GSA Annual Meeting in Denver, Colorado, USA - 2016

Paper No. 110-11
Presentation Time: 10:50 AM


CHILTON, Heather1, SCHMIDT, Britney E.1, HUGHSON, Kynan H.G.2, SCULLY, Jennifer E.C.3, NATHUES, Andreas4, PLATZ, Thomas5, FERRIER, Ken L.6, RUSSELL, Christopher T.7 and RAYMOND, Carol A.3, (1)School of Earth & Atmospheric Sciences, Georgia Institute of Technology, 311 Ferst Drive, Atlanta, GA 30332, (2)Institute of Geophysics and Planetary Physics, University of California, Los Angeles, CA, (3)Jet Propulsion Laboratory, California Institute of Technology, Pasadena, CA 91109, (4)Max-Planck-Institut für Sonnensystemforschung, Justus-von-Liebig-Weg 3, Goettingen, 37077, Germany, (5)Max Planck Institute for Solar System Research, Göttingen, 37077, Germany, (6)Earth and Atmospheric Sciences, Georgia Institute of Technology, 311 Ferst Drive, ES&T 3244, Atlanta, GA 30332, (7)Earth and Space Sciences, University of California, Los Angeles, 595 Charles Young Drive East, Los Angeles, CA 90095,

Dwarf planet Ceres, the largest body in the main asteroid belt and current target of the Dawn spacecraft, is significant for its proposed ice content. Early Dawn work suggested ground-ice was prevalent by identifying three main flow types as evidence: (1) the ice-cemented or ice-cored flows, analogous to terrestrial rock glaciers, (2) long run-out flows, and (3) sheeted flows, possibly linked to fluidized ejecta of an ice-rich surface (Schmidt et al., 2015). Ongoing work from various approaches has since been supporting and developing this picture, including increased hydrogen counts poleward as measured by the gamma ray and neutron detector (GRaND) (Prettyman et al., 2016) and a spectral signature of pure ice at Oxo crater (Combe et al., 2016).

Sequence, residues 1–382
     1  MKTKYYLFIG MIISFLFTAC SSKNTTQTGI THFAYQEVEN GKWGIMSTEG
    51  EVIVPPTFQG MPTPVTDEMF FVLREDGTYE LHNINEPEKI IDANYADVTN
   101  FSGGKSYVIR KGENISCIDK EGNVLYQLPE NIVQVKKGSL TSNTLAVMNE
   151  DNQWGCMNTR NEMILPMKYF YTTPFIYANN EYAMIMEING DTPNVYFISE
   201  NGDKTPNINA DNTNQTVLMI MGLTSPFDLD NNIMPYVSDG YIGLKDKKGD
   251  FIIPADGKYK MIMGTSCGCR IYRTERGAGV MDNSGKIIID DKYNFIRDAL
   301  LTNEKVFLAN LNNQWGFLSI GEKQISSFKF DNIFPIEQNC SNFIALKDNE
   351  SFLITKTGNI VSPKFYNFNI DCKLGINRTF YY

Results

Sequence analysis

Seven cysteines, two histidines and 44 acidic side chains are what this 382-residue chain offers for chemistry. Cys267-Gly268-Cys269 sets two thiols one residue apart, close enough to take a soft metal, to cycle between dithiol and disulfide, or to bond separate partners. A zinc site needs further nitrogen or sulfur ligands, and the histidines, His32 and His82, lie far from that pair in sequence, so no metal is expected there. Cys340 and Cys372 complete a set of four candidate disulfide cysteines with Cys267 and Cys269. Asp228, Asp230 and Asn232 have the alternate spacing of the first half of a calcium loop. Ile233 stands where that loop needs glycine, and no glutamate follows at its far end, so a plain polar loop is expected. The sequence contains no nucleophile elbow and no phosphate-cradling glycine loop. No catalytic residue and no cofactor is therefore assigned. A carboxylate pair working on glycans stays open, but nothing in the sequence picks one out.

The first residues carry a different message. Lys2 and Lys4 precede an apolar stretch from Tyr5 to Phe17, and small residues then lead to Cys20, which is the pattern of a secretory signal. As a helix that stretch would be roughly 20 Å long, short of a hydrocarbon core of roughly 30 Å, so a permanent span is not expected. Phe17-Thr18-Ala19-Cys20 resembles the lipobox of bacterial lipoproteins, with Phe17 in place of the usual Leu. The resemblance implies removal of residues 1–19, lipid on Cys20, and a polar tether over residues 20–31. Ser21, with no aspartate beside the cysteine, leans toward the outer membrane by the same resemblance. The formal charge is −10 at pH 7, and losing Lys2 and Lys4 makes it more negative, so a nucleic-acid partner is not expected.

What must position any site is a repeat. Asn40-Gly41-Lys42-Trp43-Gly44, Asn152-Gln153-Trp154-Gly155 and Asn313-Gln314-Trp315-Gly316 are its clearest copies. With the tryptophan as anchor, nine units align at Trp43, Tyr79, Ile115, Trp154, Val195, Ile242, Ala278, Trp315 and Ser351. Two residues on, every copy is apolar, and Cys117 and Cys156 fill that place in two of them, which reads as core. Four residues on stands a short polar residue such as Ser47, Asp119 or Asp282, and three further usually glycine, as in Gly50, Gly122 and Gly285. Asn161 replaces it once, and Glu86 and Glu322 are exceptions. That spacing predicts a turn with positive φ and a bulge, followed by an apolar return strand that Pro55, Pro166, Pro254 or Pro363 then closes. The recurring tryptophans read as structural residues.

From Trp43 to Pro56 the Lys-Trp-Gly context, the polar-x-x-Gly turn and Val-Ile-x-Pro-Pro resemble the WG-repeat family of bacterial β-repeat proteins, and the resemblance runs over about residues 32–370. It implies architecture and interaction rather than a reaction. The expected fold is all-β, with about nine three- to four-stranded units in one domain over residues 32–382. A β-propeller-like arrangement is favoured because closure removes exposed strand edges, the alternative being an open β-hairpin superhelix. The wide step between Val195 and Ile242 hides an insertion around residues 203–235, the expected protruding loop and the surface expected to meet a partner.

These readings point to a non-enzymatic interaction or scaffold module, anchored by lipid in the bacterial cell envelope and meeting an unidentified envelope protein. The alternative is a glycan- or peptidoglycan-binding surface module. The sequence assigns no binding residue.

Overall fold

Our continued work of flows and landslides, as well as newly resolved smaller flows, on Ceres addresses two fronts. First, we analyze the relationship between landslide surface area and volume, which reflects the ability of the active flow to either support the moving material, spread, or deposit, to suggest differences in ground-ice content and temperature among flow types; Terrestrial work has already demonstrated distinct volume-area power-law relationships between bedrock and soil landslides, the result of limitations in soil thickness only for shallow landslides. Second, we use first-order modeling of end-member flow and failure mechanisms to test variables including saturation and cohesion. These simple models explore landslide failure and glacial flow conditions using an infinite slope approach and Glens Flow Law, respectively. Overall, we are building on our initial work supporting ground ice at Ceres and how variations in latitude are influencing the ice content and temperature.


Combe, J.-Ph., et al. (2016),, 47th LPSC, Abstract #1820.

Larsen, I. J., Montgomery, D. R., and Korup, O., (2010), Nature Geoscience, v. 3, p. 247.

Prettyman, T.H., et al., (2016), 47th LPSC, Abstract #2228.

Schmidt, B., et al., (2015), AGU Abstract, #2187